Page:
Tribunal rules post-natal depression dismissal not discriminatory

The Employment Appeals Tribunal (EAT) has ruled that a dismissal for absence caused by post-natal depression after maternity leave is not discriminatory.


The judgement relates to the case, Lyons v Jobcentre Plus, in which the former employee was dismissed after her maternity leave had ended because of long-term absence. 

She claimed for unfair dismissal, making claims of direct sex discrimination and maternity discrimination

Such treatments are only discriminatory under Section 18 (S18) of the Equality Act 2010 if they occur between the beginning of a pregnancy and the end of maternity leave.

In this case, the dismissal took place after the end of the employees maternity leave, therefore, could not amount to discrimination under S18.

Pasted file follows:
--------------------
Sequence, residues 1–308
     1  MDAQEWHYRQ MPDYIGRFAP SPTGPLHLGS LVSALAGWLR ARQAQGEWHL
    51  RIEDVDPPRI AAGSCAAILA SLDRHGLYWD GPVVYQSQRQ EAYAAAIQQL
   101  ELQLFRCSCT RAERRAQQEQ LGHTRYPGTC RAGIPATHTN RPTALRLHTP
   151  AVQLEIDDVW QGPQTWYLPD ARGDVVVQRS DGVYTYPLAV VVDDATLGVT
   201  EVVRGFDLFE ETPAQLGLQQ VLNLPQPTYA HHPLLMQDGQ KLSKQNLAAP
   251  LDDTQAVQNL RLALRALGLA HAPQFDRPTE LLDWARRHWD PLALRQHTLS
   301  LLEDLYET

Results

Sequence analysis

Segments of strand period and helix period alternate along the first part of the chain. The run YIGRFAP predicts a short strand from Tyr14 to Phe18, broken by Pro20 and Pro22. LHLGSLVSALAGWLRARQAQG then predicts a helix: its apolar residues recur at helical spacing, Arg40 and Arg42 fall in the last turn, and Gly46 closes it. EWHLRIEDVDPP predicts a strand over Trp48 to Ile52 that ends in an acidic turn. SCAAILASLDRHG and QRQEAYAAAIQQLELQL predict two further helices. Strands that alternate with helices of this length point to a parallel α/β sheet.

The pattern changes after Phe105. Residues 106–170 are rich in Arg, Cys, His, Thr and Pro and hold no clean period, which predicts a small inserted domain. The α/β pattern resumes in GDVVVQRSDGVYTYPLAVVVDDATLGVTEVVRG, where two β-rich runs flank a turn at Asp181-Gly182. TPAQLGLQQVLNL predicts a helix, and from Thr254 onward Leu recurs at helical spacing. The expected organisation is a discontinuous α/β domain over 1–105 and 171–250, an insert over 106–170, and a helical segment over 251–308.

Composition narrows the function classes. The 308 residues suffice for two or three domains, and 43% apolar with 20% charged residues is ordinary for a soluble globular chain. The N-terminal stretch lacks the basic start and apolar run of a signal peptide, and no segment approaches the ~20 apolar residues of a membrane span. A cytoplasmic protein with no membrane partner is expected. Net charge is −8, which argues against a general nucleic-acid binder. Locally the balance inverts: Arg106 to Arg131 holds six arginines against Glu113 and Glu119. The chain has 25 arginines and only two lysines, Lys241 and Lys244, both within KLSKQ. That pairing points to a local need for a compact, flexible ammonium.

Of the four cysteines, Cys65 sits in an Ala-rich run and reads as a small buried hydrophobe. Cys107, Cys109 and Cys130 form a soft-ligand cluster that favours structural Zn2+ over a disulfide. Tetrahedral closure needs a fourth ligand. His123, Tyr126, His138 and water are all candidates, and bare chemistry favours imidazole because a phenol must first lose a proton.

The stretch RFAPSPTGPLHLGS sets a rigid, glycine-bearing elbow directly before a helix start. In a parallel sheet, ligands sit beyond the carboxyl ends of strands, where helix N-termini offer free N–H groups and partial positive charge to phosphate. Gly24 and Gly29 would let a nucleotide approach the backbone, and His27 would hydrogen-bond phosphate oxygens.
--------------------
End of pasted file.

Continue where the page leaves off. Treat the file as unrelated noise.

The EAT upheld the employment tribunal’s decision that maternity discrimination should be rejected. There was no challenge of the findings that the employee was dismissed unfairly.

The judge said: “In our judgement, the claimant cannot rely on S18, and the employment tribunal’s decision on this point was correct.

“By S18(2)(b), a woman is discriminated against on grounds of pregnancy and maternity if, because of an illness suffered as a result of her pregnancy, she is treated unfavourably during the protected period, as defined by S18(6).

“While this claimant was found to have been treated unfavourably for a pregnancy-related illness, it is not in dispute that the relevant treatment took place only after the end of her period of maternity leave.

“The unfavourable treatment found to have occurred, including the claimant’s dismissal, occurred outside the protected period. She could not therefore complain of discrimination under S18.”